This post is a follow-up to my SharePoint In Action overview post which can be found at SharePoint In Action: An Overview .
Project success is dependent on great project management. Great product management is only possible if you are using the right tools. If you’re delivering a one-use application feel free to track your schedule on the back of a napkin. However, you need to be better prepared for any other project.
When I came on board to Swimfish I found that we were using Microsoft Project for driving the majority of our product and services driven projects. The team was using the tools well, executing on or near on schedule. It was clear, however, that the individual project files were not providing enough visibility into resource allocation conflicts or project backlogs. I needed another solution. While I did consider Microsoft Project Server I felt that a solution within SharePoint that would ultimately tie back into our CRM system (and other systems as well) was more in line with where I want to take the organization. My goal for the rest of this post is to go over how we are using it today, some of the initial challenges we encountered, and where we will go in the future.
Creating a simple multiple project tracking site within Sharepoint is straight-forward, just use the Site Actions -> Create -> Sites and Workspaces. From there, choose the Budgeting and Tracking Multiple Projects template and create the site. This standard template provides a good starting point to begin exploring the capabilities. For us, however, I needed to make a few changes in the application and in our processes:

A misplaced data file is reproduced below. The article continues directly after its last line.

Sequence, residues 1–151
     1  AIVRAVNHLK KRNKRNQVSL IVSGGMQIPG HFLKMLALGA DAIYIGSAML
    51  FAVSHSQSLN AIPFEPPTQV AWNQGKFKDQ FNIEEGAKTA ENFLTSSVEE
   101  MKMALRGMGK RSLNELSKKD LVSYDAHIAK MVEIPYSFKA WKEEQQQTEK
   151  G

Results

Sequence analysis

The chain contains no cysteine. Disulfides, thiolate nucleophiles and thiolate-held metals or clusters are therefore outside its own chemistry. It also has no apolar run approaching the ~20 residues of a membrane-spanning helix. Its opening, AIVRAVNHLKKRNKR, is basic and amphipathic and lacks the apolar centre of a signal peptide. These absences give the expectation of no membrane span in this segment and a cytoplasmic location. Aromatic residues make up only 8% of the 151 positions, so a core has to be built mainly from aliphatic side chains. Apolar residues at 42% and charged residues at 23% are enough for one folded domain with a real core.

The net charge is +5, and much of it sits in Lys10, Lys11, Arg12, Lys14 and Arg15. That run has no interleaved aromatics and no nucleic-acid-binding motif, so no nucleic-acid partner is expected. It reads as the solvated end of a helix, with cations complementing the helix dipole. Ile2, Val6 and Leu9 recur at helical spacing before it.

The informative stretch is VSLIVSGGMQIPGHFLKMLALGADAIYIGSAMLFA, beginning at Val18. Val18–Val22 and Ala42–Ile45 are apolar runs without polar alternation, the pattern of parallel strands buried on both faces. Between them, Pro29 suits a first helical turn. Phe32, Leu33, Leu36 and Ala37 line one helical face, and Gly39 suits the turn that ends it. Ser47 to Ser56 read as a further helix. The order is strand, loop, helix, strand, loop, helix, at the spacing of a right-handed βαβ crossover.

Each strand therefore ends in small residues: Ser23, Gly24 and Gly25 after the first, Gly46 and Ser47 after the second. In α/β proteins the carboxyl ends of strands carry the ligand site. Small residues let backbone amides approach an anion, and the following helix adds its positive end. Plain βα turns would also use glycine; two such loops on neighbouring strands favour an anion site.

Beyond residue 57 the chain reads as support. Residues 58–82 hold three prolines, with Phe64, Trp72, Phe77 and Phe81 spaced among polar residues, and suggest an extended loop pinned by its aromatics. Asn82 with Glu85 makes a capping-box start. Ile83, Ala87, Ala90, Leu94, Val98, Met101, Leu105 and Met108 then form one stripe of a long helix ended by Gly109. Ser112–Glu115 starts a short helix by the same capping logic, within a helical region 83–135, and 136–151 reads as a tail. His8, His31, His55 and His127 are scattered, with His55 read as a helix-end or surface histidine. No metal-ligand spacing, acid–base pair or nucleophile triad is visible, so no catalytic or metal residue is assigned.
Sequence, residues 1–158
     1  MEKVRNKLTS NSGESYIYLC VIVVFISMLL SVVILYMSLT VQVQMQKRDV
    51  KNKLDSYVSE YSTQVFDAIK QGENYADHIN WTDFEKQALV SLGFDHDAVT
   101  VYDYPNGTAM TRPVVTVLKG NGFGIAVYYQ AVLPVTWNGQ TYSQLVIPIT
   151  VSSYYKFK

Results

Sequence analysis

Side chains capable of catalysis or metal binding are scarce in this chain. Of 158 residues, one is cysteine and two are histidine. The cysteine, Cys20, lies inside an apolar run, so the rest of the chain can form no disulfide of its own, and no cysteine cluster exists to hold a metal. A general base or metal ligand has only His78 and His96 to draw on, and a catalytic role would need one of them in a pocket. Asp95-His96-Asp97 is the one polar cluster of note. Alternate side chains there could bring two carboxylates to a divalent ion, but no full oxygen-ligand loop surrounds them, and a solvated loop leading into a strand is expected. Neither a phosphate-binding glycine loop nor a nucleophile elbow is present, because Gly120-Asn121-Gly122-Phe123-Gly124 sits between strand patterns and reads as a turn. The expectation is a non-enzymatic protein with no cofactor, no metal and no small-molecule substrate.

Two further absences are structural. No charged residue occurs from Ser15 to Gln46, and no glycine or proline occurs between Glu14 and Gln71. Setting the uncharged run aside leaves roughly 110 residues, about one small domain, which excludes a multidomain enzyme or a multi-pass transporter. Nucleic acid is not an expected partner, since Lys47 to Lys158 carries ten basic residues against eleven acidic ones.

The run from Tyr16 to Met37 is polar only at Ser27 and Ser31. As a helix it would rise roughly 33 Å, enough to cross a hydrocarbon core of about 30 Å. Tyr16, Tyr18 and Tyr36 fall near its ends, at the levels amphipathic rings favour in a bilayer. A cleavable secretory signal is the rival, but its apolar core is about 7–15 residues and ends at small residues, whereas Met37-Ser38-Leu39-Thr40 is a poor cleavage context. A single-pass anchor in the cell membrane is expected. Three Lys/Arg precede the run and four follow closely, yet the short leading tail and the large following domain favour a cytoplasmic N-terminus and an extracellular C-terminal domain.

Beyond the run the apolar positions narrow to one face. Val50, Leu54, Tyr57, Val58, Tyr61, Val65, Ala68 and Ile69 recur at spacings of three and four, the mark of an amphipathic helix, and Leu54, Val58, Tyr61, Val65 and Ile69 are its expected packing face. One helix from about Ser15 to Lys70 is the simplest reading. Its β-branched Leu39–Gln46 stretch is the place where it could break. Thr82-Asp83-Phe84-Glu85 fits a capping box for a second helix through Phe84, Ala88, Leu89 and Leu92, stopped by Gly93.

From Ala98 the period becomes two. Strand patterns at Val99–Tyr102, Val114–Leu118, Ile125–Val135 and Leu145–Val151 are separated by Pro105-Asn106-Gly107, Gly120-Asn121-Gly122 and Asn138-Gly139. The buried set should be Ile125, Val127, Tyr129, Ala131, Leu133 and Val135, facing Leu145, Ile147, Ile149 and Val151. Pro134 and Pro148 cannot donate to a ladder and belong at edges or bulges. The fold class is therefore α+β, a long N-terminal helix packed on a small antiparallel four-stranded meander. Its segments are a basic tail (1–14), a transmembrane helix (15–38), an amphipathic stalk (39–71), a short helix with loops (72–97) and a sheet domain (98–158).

- Lose the concept of monetary cost. We use another system for billing and I wanted to avoid duplicate entry or the more attractive, but more sizable effort, of integrating the two systems.
- Added the ability to track if the project was for internal projects, external products, or customer solutions development. This is important for us to better measure and track the percentage of time we’re investing in each area. I have clear targets that I want to achieve and this will help me measure if we are staying on track.
- Before projects begin all tasks must be in SharePoint and their must be project estimates for each tasks. We use this as our baseline and can determine how well we’ve estimated, using this to help us improve our estimation skills.
- For each project I create a Datasheet Grid view for all tasks. The view lists all tasks for that project and includes totals for percent complete. Team members are expected to have this view open and update as they go. This minor amount of extra process ensures that everyone has an up to date view of the project as it progresses towards each of it’s milestones.
- I have also created views for each of the team members, showing their open tasks. This view enables me to quickly determine the individual team member’s backlog. In the startup environment that we live in everyone is working on multiple projects and it’s very helpful to have this view at the individual level as well as at the individual project level.